Jeff Dowd inspired ‘The Dude,’ but truth is stranger than fiction
By Stephanie Case
It’s easy to mix up two Jeffs.
Just ask the Coen Brothers, who centered their cult-favorite film “The Big Lebowski” on the confusion between Jeffrey Lebowski, the movie’s titular millionaire, and Jeff “The Dude” Lebowski, an easygoing stoner.
Or, you can ask me. In my own Coen-esque comedy of errors, I bumped into Jeff Dowd — the real-life inspiration behind “The Dude” — at an annual house party in Venice called “Jeffest.”
To my naive eye, all signs pointed to Dowd being the host: the words “EL JEFE” printed in bold across a sign by the bar, cans of The Dudes’ Brewing Company beers for sale, and a whisper or two as he moseyed through the crowd.
It took me 20 minutes (and one can of The Dudes beer) to realize that the man behind the party was Jeff Gilbert, a local musician. Dowd, like his cinematic counterpart, was just a guy at the center of a coincidence.
Dowd came to Jeffest for a fun Saturday night. (“It’s a great opportunity to Jeff it up,” he jokes.) He biked to the party from his place, wearing red Chuck Taylors, lime green gym shorts and a tropical shirt, hair mussed like a mad scientist.
Dowd’s “Lebowski” link is a fun fact that follows him everywhere, especially at parties like this. But as I came to realize, it’s — give or take — the twelfth most interesting thing about him. This is a man that has gotten stoned with the Stones; tripped on acid with Allen Ginsberg, Stokely Carmichael, and Artie Lange; marketed dozens of hit indie films; helped Robert Redford launch the Sundance Institute; made national headlines for skinny dipping in Mexico; was arrested for a Vietnam War protest; spent nights in county jails and months in federal prison; funded a trek through South America with his bail money; was homeless; and nearly died — twice.
Epic experiences are Dowd’s currency, and they’ve made his life rich. He’s collected stories across continents — from Florence, Italy to Cusco, Peru — but Venice is his current home.
Dowd lives enviably close to the sand, a stone’s throw from the boardwalk. The white walls of his pad are decorated with posters, showcasing the greatest hits of his eclectic film career — “FernGully: The Last Rainforest,” “Hoosiers,” “The Blair Witch Project,” “Neil Young: Heart of Gold” — plus a life-size promotional shot of Jeff Bridges in his Dude garb.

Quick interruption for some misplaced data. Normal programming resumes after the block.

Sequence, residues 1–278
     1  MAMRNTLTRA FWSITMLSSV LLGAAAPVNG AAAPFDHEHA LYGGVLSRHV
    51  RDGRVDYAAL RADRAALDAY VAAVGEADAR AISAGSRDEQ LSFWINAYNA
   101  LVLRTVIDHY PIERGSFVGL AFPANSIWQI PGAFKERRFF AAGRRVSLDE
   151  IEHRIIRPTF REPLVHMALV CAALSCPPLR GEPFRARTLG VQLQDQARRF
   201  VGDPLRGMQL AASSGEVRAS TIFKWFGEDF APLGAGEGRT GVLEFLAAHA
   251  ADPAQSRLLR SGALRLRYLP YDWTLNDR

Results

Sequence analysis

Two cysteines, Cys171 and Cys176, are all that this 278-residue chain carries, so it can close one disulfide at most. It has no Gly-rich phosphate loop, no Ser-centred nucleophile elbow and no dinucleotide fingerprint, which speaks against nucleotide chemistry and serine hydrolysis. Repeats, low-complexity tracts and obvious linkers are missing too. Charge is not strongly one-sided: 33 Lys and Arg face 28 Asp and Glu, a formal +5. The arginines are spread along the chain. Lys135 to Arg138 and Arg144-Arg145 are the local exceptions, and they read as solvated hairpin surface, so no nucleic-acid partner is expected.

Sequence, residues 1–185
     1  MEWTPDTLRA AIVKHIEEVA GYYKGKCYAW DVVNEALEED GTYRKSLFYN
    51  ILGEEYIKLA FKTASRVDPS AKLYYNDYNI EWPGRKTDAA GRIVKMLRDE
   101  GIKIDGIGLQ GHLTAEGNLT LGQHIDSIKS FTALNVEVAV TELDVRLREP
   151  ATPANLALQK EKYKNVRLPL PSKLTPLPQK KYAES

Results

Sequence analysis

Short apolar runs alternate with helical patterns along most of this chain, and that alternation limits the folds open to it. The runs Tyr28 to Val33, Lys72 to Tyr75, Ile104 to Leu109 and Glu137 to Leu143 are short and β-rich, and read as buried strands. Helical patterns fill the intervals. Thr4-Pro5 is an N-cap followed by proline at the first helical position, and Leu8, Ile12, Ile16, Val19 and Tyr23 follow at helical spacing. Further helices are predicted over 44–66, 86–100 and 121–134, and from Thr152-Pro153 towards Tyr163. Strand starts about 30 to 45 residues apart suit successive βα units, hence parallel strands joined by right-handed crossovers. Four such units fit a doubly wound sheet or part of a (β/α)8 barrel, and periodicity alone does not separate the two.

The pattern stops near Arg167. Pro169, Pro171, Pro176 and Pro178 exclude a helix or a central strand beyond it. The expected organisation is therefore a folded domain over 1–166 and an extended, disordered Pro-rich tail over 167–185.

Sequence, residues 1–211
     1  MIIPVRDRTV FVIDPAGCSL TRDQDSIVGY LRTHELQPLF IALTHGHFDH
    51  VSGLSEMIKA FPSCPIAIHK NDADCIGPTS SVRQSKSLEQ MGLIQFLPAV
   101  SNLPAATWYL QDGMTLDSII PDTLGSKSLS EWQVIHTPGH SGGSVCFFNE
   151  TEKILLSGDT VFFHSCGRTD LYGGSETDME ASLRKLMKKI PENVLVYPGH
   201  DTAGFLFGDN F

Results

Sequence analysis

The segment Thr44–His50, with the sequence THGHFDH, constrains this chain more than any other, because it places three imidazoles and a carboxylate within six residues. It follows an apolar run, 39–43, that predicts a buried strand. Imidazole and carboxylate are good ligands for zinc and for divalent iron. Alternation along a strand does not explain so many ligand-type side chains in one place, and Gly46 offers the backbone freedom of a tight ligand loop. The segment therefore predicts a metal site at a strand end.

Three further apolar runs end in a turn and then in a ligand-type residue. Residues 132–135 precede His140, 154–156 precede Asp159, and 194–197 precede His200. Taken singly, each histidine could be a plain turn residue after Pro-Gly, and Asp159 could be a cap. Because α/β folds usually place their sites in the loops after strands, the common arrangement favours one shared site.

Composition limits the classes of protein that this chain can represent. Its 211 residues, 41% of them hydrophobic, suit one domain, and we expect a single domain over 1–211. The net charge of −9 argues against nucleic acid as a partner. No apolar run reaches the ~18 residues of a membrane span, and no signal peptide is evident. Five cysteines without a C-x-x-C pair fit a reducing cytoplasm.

Sit down on Dowd’s couch — a vintage, terracotta-colored one that really ties the room together — and he’ll tell you that Albert Einstein, a friend of his socialist stepfather, often took naps on that exact cushion.
“Maybe if you nod out on this couch, you too will come up with E=mc² in your dreams,” he smiles.
* * *
Dowd was born in Oakland, but spent most of his youth in suburban New York, where kids’ main source of entertainment was sneaking out late and taking neighbors’ Cadillacs on joyrides into the city.
As a high schooler in 1966, he watched all of his upperclassmen friends catch the Vietnam bug, shipping off as soon as they graduated.
“It was a sociological phenomenon,” Dowd says. “This was the same reason John Kerry and Oliver Stone went to Vietnam. Sure, there was patriotism, but it was like an adventure.”
In an attempt to hop on the bandwagon, Dowd tried to enlist as a 16-year-old junior, but recruiters said no.
Within months, Dowd found himself on a different overseas trip — one that would permanently alter his political mindset. His father earned a Fulbright scholarship in Bologna, Italy, and he and his stepbrother came along for the ride, studying poetry, partying with Europeans and experiencing life outside the American bubble.
“I was there for a year in a totally changed world,” Dowd recalls. “This was going into the Summer of Love, which was the exact opposite of the tough, male war mentality. The cool men had long hair and were amorous. Fate l’amour, non la Guerra — make love, not war — was a big slogan in Italy.”
When they weren’t studying, Dowd was bumping into interesting people left and right. On a trip to Florence, his stepbrother met filmmaker Franco Zeffirelli, who then begged him to star in his upcoming “Romeo and Juliet,” calling their house once a day to convince him to take the part.
When the Rolling Stones came to town, the brothers dropped off a coded note at the band’s hotel, signing their names as Jeff Grass and David Score. (“We didn’t want to say hash; the Italians would know what hashish was,” Dowd says.)
Later that night, the Stones’ road manager invited them upstairs, where they all listened to the latest Otis Redding record, “Otis Blue,” jammed for hours and wrote a song about getting high.
Dowd spent that summer in London, watching the Stones make music at nearby Olympic Studios by day and hanging out with a wide crew of artists and activists at night.
When he finally came back to the United States, Ithaca felt small.
“It was a little absurd to be back as a high school senior, coming off the Summer of Love,” Dowd says. “Going back to the cliques and everybody trying to be cool, it was absolutely insane.”
Early into the school year, “the English teacher was making some point about the Beats and Allen Ginsberg, and I said, ‘That’s not really what he was about.’
“She was like, ‘How would you know?’
“I said, ‘Well, I was taking LSD with him two weeks ago in London, how
* * *